Consumerism for babies

It’s been a while since my last post because of a particularly busy period of work and the arrival of a new member of the Docwra household. The process of having a child has opened a door to a whole new world that many non-parents may be unaware of – and consumerism seems to have
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Help for smaller charities

Many of the most vibrant and important organisations seeking change operate with very small budgets or staff numbers, and can find it difficult to access the help and support open to larger orgainsations. Also, smaller not-for-profit organisations can face quite specific challenges and issues that larger consultancy organisations do not cater for – such as
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Clone towns revisited

Recently, the New Economics Foundation (nef) published a follow up to their influential 2005 ‘Clone Town Britain’ report. The updated report has surveyed Britain again and found that 41 per cent of UK towns are clone towns and a further 23 per cent are on the verge of becoming clone towns. The original report explored
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Freedom debunked

‘Freedom’ is often held up as an unequivocal good in our modern individualistic society, and many people (and politicians) justify their actions or views on the basis of this. The short paper available I wrote for ChangeStar here explores the idea of freedom and our desire for it. It reaches what I hope is a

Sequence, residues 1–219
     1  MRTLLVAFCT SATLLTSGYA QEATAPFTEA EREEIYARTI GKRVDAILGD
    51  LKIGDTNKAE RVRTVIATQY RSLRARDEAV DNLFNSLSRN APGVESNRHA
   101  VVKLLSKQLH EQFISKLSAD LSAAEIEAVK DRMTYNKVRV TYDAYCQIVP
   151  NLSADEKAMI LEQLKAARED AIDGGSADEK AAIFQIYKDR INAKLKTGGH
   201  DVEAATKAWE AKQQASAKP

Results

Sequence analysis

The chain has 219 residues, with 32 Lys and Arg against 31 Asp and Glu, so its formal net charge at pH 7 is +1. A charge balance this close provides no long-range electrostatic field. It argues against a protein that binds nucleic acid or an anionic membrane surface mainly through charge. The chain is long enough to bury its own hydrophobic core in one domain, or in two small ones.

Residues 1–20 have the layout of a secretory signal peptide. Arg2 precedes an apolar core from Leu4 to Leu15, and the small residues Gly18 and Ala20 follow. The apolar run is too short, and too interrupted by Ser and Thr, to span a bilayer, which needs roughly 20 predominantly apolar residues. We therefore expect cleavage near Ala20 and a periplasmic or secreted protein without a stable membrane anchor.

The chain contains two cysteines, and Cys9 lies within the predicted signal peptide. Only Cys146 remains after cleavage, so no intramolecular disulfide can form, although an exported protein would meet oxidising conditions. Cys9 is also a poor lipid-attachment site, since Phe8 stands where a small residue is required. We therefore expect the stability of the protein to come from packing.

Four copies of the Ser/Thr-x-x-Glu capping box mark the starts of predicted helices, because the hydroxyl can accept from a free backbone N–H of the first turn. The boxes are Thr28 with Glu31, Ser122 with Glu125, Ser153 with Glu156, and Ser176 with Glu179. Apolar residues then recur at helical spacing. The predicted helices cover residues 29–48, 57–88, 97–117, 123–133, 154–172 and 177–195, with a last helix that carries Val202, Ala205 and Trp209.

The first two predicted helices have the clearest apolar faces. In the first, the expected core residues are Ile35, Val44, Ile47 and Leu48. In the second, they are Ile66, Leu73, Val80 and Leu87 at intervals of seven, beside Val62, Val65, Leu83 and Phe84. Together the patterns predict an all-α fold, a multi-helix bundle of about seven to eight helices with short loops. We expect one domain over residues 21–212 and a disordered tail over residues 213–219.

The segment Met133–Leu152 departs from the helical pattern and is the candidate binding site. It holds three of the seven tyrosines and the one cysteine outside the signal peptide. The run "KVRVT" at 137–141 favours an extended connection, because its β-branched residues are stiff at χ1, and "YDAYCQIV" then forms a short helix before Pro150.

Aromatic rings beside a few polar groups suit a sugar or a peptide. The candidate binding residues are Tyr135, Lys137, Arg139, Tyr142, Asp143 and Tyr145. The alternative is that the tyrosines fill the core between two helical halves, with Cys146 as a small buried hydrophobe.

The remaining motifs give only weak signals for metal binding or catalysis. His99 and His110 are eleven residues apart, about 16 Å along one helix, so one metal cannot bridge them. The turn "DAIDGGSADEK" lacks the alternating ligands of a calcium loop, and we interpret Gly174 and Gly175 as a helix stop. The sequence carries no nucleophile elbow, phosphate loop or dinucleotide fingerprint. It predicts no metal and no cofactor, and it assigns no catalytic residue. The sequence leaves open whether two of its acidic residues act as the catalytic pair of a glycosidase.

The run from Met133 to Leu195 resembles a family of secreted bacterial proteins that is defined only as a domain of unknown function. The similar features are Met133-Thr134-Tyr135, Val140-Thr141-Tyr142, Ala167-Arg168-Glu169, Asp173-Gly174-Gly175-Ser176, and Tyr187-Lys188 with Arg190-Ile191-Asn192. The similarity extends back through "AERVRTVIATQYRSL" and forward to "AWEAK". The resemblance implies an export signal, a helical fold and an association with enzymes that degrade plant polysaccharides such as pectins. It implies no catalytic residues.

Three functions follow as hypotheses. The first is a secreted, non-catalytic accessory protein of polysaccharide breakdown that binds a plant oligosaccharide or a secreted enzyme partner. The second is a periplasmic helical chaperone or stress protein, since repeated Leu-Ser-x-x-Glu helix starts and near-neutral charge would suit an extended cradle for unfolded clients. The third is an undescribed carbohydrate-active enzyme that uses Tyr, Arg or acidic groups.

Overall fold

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Not the end of consumerism

This article in the Business section of the New York Times is interesting, as it illustrates the difficulty that the mainstream media still have in coming to terms with the idea that living simply and buying less can make one happy. There are glimmers of clarity in the article – for example, the opening paragraphs
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A new focus for education

Geoff Mulgan of The Young Foundation puts it well: “Over the last two decades a gulf has opened up between what education systems provide and what children need. Education systems rightly provide children with skills in numeracy and literacy and academic qualifications. But the emphasis on a set of core academic skills, and a culture
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Automatic behaviour change

Interesting report from the Institute for Govenment, pulling together some of the evidence for ‘automatic’ behaviour change techniques. Many behaviour change initiatives to date have involved a ‘reflective’ approach (the standard model used by economics), which assumes that people make decisions rationally and will analyse the various pieces of information from politicians, governments and markets,
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Our hidden impacts

One of the important features of modern life that Life² helps people to deal with is the increased level of complexity within which people live. One example of this complexity is the chain of processes, people and impacts that sit behind even the most simple products or services we consume. As I noted in ‘Modern
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